• Ariel Caticha (University at Albany, USA) - Entropic Dynamics and Quantum Measurement
  • John Skilling (University of Cambridge, UK) -
  • Kevin H. Knuth (University at Albany, USA) - Why Mathematics Works and Why Physics is Mathematical"
  • Frank Nielsen (Sony CSL, Japan) -  Introduction to Information Geometry
  • Fréderic Barbaresco (THALES, France) - Symplectic Theory of Heat and Information: Souriau Lie Groups Thermodynamics, Coquinot Thermodynamic Dissipative Bracket and Sabourin Transverse Poisson Structures
  • Ali Mohamed Djafari  (CNRS, France) - Bayesian and Machine Learning Methods for Inverse Problem



  • Anna Simoni (ENSAE, France) – Bayesian Exponentially Tilted Empirical Likelihood to Endogeneity Testing
  • Antoine Bourget (CEA and ENS Paris, France) - The Geometry of Quivers
  • Bobak Toussi Kiani  (MIT, USA) - Quantum algorithms for group convolution, cross-correlation, and equivariant transformations
  • Emtiyaz Khan (RIKEN, Japan) - The Bayesian Learning Rule
  • Fabrizia Guglielmetti (ALMA Regional Center Scientist at European Southern Observatory, Germany) – Bayesian and Machine Learning methods in the Big Data era for astronomical imaging
  • Livia Partay (University of Warwick, UK) - Nested sampling for materials
  • Lorenzo Valzania (LKB: Sorbonne University - ENS - Collège de France, France) - Imaging behind scattering layers
  • Pierre-Henri Wuillemin  (Laboratoire d'Informatique de Paris, France) -  Learning Continuous High-Dimensional Models using Mutual Information and Copula Bayesian Networks
  • Torsten Ensslin (MPA , Germany) - Theoretical Modeling of Communication Dynamics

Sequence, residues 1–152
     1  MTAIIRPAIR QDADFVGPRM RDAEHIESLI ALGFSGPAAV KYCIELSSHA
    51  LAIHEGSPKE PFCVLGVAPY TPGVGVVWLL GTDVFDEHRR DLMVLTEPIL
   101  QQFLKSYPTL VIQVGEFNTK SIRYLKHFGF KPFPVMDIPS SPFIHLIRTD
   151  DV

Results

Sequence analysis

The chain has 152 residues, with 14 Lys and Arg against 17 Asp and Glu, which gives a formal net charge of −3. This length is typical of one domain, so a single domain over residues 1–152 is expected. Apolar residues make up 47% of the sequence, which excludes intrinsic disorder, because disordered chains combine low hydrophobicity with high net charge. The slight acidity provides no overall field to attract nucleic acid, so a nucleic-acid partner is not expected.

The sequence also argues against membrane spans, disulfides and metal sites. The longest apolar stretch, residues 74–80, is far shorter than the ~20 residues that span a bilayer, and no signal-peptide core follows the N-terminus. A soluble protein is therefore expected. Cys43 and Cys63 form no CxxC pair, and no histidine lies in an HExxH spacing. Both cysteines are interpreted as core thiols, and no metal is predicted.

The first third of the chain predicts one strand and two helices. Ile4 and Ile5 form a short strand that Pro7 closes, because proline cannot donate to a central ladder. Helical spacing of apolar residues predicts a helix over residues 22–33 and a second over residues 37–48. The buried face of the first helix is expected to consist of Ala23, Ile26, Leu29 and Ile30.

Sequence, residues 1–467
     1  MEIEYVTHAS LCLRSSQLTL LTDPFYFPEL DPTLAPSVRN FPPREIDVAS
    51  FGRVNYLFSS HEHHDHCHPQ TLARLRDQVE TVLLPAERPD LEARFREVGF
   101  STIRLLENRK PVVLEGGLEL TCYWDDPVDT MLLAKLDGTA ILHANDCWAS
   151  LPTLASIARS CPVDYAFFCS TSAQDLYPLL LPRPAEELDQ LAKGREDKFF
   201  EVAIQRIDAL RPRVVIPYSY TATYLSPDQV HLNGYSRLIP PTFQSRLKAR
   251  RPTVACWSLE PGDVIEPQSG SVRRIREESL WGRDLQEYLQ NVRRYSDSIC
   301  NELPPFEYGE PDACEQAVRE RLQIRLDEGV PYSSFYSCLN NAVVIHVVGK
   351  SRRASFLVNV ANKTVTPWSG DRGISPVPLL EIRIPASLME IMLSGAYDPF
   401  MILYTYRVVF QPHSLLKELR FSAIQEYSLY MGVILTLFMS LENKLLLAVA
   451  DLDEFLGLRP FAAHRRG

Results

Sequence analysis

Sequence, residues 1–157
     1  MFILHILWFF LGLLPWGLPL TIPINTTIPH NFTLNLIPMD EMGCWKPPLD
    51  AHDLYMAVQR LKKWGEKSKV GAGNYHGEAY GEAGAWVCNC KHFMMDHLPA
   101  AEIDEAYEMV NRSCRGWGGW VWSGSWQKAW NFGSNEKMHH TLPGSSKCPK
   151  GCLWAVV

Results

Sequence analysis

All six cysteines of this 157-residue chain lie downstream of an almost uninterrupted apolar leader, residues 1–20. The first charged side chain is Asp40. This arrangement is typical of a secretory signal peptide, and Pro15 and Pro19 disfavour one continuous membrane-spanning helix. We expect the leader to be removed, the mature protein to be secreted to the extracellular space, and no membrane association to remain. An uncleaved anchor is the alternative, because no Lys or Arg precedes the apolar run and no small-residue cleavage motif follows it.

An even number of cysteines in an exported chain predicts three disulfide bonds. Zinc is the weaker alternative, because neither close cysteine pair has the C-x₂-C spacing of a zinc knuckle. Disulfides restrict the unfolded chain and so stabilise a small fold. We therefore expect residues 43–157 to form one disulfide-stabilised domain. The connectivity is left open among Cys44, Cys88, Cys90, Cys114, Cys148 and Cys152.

• Will Handley (University of Cambridge, UK) - Bayesian sparse reconstruction: a brute-force approach to astronomical imaging and machine learning
  • Piotr Graczyk (Angers, France) - Graphical model selection in statistics and representation theory
  • Olivier Rioul (Telecom ParisTech) - What is Randomness? The Interplay between Alpha Entropies, Total Variation and Guessing


Borel and the emergence of probability on the mathematical scene in France

Laurent Mazliak (Sorbonne Université, LPSM)

The inauguration of the Institut Henri Poincaré in 1928 marked an important date with the institution for the first time of a permanent teaching and research in the field of probability in France at the highest level. The mathematician Emile Borel was the main architect of this evolution, after having himself invested heavily in this discipline from 1905 onwards, and because he was aware of the worrying delay of the French mathematical community in these subjects compared to other countries such as Germany, Great Britain or Italy. My presentation will recall how Borel's trajectory led him to become interested in the mathematics of chance and how he used his political investment in the 1920s to push forward his project of large-scale dissemination of probability in the inter-war period. I will also describe how the early years of the IHP with the action of Fréchet and Darmois allowed a small community of specialists to emerge in France, which played an important role in the evolution of the discipline in the second half of the twentieth century.